Jostling rifles and carbines, some with hand grenades dangling from field jackets or overcoats, the helmeted and unshaven troopers advanced slowly in a seemingly static line.
It took time to get paid in the local currency, and, as they received their paper bills and coins, they acted doubtful as to what happens next with those oddly-colored foreign notes and coins.
This curious event actually took place on Jan. 5, 1945, at the peak of the Battle of the Bulge. Only one day before, enemy shrapnel and machinegun fire had raked many of these young infantrymen counterattcking not far from the Bloody Crossroads near Ochamps, Belgium.
Many were wounded; some in our company and other companies in the First Battalion, 345th Infantry, had died. In our company alone a dozen were captured.
Yet in a handwritten log that day, I noted that as mail clerk, I had collected the equivalent of $9,500 in Belgian francs, and, with a first lieutenant standing beside me, paid those soldiers in the local currency!
Apparently this curious event represented the Army’s way, no matter the misery and danger swirling around, of rewarding Depression-era infantrymen. No matter the situation, such payments apparently were intended to demonstrate that their country remembered and rewarded those who performed faithfully. Added to combat pay, a sliding payment based on rank, this was intended to be, along with medals, a demonstration of their nation’s supreme gratitude.
During our five-month war in Europe, this exercise in group psychology took place at unpredictable intervals in several European nations under sometimes amazingly-hazardous conditions. In a handwritten log I kept on my person, I noted the inauspicious arrival of those payments accompanied by written translations of the exchange rates into American currency.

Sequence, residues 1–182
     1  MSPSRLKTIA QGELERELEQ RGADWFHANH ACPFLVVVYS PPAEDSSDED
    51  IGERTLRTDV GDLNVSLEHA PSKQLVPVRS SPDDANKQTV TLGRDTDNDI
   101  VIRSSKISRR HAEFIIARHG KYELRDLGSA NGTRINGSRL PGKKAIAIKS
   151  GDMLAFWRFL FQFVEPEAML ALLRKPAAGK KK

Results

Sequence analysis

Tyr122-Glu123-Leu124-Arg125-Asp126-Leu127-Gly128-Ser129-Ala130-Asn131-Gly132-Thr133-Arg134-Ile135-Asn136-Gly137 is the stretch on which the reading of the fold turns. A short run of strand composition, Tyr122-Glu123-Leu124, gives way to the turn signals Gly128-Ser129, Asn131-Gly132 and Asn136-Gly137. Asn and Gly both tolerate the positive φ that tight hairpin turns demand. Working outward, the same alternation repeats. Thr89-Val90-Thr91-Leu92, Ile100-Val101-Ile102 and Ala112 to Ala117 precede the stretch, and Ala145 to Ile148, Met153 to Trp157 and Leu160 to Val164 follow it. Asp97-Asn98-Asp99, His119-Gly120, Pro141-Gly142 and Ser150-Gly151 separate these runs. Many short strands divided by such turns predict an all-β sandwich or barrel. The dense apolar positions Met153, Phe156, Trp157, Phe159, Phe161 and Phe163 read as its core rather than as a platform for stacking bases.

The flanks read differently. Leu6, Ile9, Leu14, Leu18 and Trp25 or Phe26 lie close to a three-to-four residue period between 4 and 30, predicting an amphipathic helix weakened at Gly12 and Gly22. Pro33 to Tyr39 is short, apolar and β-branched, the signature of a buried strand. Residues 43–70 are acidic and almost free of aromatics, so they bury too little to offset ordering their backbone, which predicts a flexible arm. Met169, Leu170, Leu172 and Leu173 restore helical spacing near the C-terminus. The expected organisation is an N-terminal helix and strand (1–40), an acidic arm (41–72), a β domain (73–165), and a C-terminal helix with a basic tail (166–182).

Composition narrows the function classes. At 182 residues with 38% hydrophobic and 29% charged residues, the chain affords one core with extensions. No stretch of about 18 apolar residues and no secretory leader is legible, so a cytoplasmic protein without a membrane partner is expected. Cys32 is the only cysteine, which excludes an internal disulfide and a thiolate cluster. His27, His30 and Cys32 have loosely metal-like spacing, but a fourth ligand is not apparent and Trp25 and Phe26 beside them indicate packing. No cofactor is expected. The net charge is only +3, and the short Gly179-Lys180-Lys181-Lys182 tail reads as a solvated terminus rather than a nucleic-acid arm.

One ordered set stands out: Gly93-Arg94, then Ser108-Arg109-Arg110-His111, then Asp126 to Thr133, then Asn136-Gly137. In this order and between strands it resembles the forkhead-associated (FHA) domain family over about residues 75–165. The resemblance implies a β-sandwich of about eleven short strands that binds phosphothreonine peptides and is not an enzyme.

It was clear, however, that those payments in French or Belgian francs, and later German marks, weren’t intended to remain in the serviceman’s hands for long. Each infantryman would count and inspect the bills and coins curiously, count them again, then convert them into American denominations, and immediately dispatch the American equivalent home as money orders.
It’s hard to determine now, 59 years after these events, what other military units were paid and whether entire battalions or regiments were paid at the same time. In order to rest fighting units, the Army sometimes took advantage of battlefield lulls to briefly designate companies, battalions, or regiments as “reserves” — sometimes to offer relief from punishing warfare and, apparently, to produce such payday rituals.
But there certainly was no lull on Jan. 5, 1945, when I noted the transmittal home of almost ten thousand dollars in Belgian francs. And looking back, from several viewpoints this chaotic and brutal period may have been among the least propitious times to leave our foxholes amid such critical matters as cleaning weapons, organizing Tiger patrols or preparing the next day’s attack.
For what could an infantryman holed up in a foxhole, whose entire personal inventory comprised a couple of weapons, a K-ration, and a pack of cigarettes, do with Belgian or Luxembourg (French) francs? The military was well aware there was no way to buy anything — no place to spend money.
On this score, I’ve been asked: Were the Hollywood scenes played by John Wayne accurate in depicting GIs meeting local girls? Sure, and we laid down our weapons to scatter fresh roses at their feet too!
During training days, I recall monthly paydays arriving fairly regularly, often being greeted with ironic remarks (“the eagle shits” or “$21 a day once a month”). At the time, the kidding seemed to lighten the sparse pay.
But at the front? It was a mystery to me then and remains one now.
An ASTP cadet in 1943-44, Mitchell Kaidy joined the 87th Division in March, 1944, serving until its demobilization. After the war he received a journalism education and has worked for three daily newspapers, a television station and public radio in Upstate New York. In 1963 he contributed articles to a Pulitzer Prize-winning series, and in 1993 he won a Project Censored award for free-lance investigative journalism. He was an active member of the association and served as division historian. Mitch passed away on 10 January 2013 at the age of 87.